Saguaro Flowers Gila Woodpecker Browsing Flowers for Nectar
Mama Emerging Mama Aloft

Today was our grocery shopping day and, as usual, we stopped at the post office box to pick up the mail. While Bob was in getting the mail, I noticed that a large saguaro cactus across the parking lot had open flowers, some of the first of the season. When we were both back in the truck, we drove across the lot so I could get some photos of the beautiful open flowers on the cactus.

As we got close, we saw a Gila Woodpecker perched by the bunch of flowers on one arm of the cactus. I began snapping shots of the male bird as he browsed the flowers. Shortly after that, the woodpecker flew up the side of the cactus and perched there until the female woodpecker came out of the hole in the side of the saguaro. I was fortunate to get the shots above as the birds did their thing.

Wikipedia has this about the Gila Woodpecker:

The Gila woodpecker (Melanerpes uropygialis) is a medium-sized woodpecker of the desert regions of the southwestern United States and western Mexico. In the U.S., they range through southeastern California, southern Nevada, Arizona, and New Mexico.

They build nests in holes made in saguaro cacti or mesquite trees. Cavities excavated by these woodpeckers in saguaro cacti (known as a “boot”) are later used by a variety of other species, including the elf owl. There, they typically lay 3–4 white eggs, although as many as 6 or 7 have been noted. 2–3 broods are laid a year. Both sexes incubate and feed eggs.

Click on any image to enlarge.

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First 2019 Argentine Giant Flowers

Argentine Giant Flowers

After being in the ground out front for over seven years, this cactus is finally showing signs of being as prolific as some of the other Argentine Giants in town. These three flowers opened late this afternoon. There are numerous more flower buds on the cactus that should also be opening soon.

There are also buds near the bottom of the cactus that will be new cactus limbs, not flowers. There is plenty of room for the cactus to expand where it sits, so we’re glad to see it starting to take off. This cactus, native to Argentina, has an unusual growth habit for a cactus. It does not get any taller than about two to three feet at maturity and has sprawling limbs that grow just as wide as the main plant.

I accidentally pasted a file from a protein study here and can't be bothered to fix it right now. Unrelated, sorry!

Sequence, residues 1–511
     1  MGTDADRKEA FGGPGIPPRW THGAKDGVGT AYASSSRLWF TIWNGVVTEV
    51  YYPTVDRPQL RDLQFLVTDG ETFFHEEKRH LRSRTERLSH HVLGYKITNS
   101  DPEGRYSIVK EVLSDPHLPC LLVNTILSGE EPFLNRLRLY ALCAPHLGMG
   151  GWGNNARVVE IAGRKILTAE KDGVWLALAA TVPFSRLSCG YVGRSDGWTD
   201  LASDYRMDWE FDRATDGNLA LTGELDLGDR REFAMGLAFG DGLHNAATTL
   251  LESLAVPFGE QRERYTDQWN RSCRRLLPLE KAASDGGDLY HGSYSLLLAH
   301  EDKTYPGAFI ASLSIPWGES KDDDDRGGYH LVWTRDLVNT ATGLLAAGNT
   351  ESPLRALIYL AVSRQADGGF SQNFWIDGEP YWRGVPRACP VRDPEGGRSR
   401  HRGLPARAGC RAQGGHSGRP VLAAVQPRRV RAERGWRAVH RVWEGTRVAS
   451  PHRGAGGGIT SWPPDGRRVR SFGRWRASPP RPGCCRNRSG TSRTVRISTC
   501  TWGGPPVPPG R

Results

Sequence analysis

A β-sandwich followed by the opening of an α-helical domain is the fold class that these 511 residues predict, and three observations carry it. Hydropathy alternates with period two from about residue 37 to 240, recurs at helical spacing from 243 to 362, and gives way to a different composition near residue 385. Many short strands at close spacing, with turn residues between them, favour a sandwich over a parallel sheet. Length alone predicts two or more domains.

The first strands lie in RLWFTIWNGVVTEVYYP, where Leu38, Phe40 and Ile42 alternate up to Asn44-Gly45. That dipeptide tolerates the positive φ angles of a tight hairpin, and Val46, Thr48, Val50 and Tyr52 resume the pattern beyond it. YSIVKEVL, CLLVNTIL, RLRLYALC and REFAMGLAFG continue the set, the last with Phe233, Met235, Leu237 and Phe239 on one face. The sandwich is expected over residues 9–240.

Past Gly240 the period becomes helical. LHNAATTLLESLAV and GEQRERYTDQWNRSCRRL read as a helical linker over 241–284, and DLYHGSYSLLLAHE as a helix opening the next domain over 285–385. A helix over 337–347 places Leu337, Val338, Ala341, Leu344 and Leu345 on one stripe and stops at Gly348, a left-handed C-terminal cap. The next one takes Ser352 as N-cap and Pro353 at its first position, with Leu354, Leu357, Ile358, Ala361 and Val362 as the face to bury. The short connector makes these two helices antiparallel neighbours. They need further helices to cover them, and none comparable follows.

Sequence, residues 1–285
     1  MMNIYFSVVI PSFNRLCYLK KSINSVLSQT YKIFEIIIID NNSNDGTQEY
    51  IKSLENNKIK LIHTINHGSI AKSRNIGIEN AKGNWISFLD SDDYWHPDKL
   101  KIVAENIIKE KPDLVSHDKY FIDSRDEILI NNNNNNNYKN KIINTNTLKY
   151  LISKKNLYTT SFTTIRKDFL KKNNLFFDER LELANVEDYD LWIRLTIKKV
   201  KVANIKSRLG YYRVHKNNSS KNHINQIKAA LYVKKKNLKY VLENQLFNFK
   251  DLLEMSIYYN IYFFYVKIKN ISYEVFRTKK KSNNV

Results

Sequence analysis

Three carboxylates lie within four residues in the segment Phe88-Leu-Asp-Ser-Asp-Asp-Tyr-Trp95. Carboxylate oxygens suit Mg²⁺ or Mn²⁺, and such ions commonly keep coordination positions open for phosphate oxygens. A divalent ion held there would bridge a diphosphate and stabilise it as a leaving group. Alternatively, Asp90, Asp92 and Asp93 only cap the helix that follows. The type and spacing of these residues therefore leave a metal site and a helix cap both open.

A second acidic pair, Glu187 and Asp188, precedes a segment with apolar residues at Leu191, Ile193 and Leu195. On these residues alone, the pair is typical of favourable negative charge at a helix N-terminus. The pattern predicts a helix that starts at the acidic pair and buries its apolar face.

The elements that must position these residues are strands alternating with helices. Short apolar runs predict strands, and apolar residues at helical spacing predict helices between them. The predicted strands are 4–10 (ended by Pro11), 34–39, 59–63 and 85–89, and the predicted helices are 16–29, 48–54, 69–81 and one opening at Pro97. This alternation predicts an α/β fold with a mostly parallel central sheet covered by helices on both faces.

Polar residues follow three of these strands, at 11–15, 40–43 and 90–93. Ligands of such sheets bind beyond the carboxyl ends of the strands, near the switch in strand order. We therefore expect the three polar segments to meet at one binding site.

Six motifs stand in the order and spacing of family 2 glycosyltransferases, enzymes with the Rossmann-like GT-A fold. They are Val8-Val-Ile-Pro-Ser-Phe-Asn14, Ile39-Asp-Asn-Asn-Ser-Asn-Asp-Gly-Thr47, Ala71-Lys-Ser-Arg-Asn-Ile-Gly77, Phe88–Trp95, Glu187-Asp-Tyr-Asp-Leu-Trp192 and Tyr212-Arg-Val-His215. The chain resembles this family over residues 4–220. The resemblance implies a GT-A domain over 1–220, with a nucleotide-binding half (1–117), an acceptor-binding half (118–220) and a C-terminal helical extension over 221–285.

More about Echinopsis Candicans:

Echinopsis candicans is a species of cactus from northern and western Argentina (Monte Desert). It has large fragrant white flowers that open at night.

The cactus has a shrubby growth habit, with individual stems up to 60 cm (24 in) tall. The plant as a whole can be as much as 3 m (10 ft) across. The stems are light green, with a diameter of up to 14 cm (5.5 in) and have 9–11 low ribs. The large white areoles are spaced at 2–3 cm (0.8–1.2 in) and produce brownish yellow spines, the central spines being up to 10 cm (3.9 in) long, the radial spines only up to 4 cm (1.6 in).

Click on the image to enlarge.

UPDATE April 17, 2019: As mentioned in the post above, the cactus is showing a great amount of activity and growth. There are over a dozen new flower buds that look as if they will be coming out soon and all at once.

Coming soon

UPDATE April 23, 2019: Almost all of the rest of the flower buds on the cactus opened this afternoon. It’s like a bridal bouquet with a dozen open flowers.

Bouquet

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A Serious Pollinator

A Serious Pollinator

Now that the cactus flowers have started to open here at the homestead, the bees are out in force. I took this shot of a honey bee with its head, thorax and wings buried in the stamens of a hedgehog flower out front. The bee was burrowing down to gather nectar at the base of the stigma, I guess. Click on the image to enlarge.

Damsel and I have been out in the yard over the past couple of days taking photos of the recently opened flowers on both the beavertail cacti (opuntia basilaris) and hedgehog cacti (echinocereus engelmanii). There are flower buds forming on other cacti in the area and we will look forward to getting more images of those when opening.

The weather is quite pleasant this afternoon with light breezes and 93° temperature. The forecast is for more of the same tomorrow and then cooler at the end of the week with a 20 percent chance of precipitation. Gotta love the Arizona springtime weather!